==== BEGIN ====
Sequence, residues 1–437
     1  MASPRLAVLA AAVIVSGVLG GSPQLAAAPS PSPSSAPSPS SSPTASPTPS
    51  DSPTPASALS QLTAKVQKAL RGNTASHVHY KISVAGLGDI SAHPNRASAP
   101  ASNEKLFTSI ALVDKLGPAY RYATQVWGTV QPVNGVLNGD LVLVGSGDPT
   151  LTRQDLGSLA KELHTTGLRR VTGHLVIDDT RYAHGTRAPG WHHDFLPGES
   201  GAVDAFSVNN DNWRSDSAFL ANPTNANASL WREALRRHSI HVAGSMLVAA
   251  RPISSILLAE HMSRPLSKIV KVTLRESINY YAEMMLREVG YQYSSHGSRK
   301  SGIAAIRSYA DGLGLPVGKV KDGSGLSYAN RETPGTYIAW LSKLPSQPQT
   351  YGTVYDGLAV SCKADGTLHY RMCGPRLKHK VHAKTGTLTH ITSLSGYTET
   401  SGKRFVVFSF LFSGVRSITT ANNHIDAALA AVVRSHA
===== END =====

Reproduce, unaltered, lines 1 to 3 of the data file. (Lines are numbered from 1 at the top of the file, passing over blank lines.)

Sequence, residues 1–437
     1  MASPRLAVLA AAVIVSGVLG GSPQLAAAPS PSPSSAPSPS SSPTASPTPS
    51  DSPTPASALS QLTAKVQKAL RGNTASHVHY KISVAGLGDI SAHPNRASAP